New episode! In our season 2 finale we chat with our pal the Muddy River Fact Checker and get into some Gardner Heist Minutia. Subscribe now at http://StitcherPremium.com !
Shortly before the proceedings opened, Stockholm daily Aftonbladet reported that a security guard found some of the items in a garbage container in a Stockhholm suburb early Tuesday. The newspaper cited unnamed sources.
Prosecutor Reena Devgun told the Eskilstuna district court that the proceedings would have to adjourn to allow the items to be inspected, Swedish television SVT reported.
Tuesday was the third day of the trial.
Police later issued a statement saying ‘everything suggests’ that the regalia have been found, adding that ‘police were working intensely to confirm this 100 per cent.’
The man on trial, Nicklas Backstrom, is charged with stealing a gold funeral crown, an orb made for King Charles IX (1550-1611), and a crystal-studded gold crown made for Charles' second wife, Kristina the Elder.
He has denied the charges although traces of his blood were found in the Strangnas Cathedral, west of Stockholm.
The court ruled that the hearing would adjourn after witnesses had given testimony, and said the prosecution was latest Friday to report back to the court.
The items were valued at 65 million kronor (7.2 million dollars). The prosecution, art experts and the church have designated the items as ‘irreplaceable’ and part of the national heritage.
Russian Art Thief Confesses to Stealing Painting to Settle Debts — Reports
Kuindzhi’s 1908 “Ai Petri, Crimea” was briefly stolen from Moscow’s Tretyakov Gallery on Sunday before police recovered it in a basement on the outskirts of the city. The suspect, identified as Crimean native Denis Chuprikov, 32, initially said he did not remember what had happened that day.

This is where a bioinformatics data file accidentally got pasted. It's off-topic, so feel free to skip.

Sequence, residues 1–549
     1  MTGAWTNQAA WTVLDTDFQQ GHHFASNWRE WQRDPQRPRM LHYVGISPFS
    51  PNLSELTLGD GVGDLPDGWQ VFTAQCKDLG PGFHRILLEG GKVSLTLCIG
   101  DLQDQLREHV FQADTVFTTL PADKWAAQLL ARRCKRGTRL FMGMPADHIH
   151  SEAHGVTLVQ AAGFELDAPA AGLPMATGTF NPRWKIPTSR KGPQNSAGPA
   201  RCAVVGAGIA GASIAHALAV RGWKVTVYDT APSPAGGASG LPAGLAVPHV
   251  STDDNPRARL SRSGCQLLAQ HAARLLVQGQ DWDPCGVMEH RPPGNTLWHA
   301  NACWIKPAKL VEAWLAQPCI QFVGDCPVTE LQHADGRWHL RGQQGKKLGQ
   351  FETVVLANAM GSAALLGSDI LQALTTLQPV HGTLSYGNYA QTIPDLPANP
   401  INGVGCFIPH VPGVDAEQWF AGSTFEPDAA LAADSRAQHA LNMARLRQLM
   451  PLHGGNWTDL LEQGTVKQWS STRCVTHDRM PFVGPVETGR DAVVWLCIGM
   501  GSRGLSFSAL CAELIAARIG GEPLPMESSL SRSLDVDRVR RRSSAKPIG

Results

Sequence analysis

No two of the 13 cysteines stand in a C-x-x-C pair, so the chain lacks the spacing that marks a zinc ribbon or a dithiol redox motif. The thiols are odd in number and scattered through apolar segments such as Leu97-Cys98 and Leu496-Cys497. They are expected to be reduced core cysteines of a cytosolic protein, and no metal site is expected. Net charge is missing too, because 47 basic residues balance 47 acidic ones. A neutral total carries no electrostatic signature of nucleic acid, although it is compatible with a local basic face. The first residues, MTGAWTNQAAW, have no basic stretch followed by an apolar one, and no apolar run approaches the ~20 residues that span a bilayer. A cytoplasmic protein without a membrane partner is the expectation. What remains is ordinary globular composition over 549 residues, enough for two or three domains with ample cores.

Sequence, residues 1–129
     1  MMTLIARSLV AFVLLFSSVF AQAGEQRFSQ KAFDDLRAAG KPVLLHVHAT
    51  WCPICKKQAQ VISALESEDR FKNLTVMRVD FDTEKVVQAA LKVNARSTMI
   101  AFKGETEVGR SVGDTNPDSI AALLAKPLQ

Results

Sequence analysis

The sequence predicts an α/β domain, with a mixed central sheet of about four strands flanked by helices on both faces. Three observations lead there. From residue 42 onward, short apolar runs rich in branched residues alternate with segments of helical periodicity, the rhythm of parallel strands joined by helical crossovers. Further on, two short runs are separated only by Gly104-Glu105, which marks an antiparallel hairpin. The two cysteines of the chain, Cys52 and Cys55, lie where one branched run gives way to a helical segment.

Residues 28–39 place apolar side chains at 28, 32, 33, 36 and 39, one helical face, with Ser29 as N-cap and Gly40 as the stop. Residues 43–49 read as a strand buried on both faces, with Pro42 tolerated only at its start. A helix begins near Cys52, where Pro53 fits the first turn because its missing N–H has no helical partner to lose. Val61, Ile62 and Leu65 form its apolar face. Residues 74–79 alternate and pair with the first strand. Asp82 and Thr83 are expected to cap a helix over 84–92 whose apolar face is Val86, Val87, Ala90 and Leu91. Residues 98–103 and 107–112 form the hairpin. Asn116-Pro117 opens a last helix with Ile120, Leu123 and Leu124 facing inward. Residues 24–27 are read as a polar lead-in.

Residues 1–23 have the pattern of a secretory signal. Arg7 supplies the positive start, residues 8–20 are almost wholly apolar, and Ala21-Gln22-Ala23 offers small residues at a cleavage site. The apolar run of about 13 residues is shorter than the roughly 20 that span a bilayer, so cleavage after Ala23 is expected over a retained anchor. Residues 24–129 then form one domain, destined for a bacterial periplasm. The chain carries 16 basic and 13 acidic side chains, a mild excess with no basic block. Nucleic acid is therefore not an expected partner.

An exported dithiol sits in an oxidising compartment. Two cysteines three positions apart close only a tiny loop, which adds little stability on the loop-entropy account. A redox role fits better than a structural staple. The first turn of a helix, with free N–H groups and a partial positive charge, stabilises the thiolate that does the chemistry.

Citing the investigation, Russia’s Kommersant newspaper reported that Chuprikov had acknowledged the crime after police showed him surveillance video of the heist, which shows how a suspect casually lifts the painting off the wall and strolls past visitors.
Police are looking for possible accomplices in what they are treating as a pre-planned heist of an object of special cultural value, a crime that carries a jail term of up to 15 years.
Police said that the artwork had been put up on sale on a popular online marketplace for a mere 2.5 million rubles ($37,000).
"In a rating of the most stupid crimes of the 21st century, he has grounds to deserve an honorable mention,” Vladislav Kononov, a Culture Ministry official, was cited as saying.
Oops! British Aristocrat Accidentally Bought Stolen, 7th-Century Sculptures As 'Garden Ornaments'
"The thieves wanted to sell [the reliefs] and make a lot of money, but soon found out they stole world heritage that would be extremely difficult to sell," Brand told the French news site AFP (Agence France-Presse). "So, they decided to sell them as garden ornaments." [30 of the World's Most Valuable Treasures That Are Still Missing]
According to AFP, those "ornaments" were purchased several years ago by a well-off British aristocrat who had no idea about their true provenance. Brand, who spent eight years tracking the reliefs from dealer to dealer across Europe, estimates that the unwitting aristocrat probably spent about $65,000 (50,000 pounds) apiece to add the artifacts to his estate's garden north of London.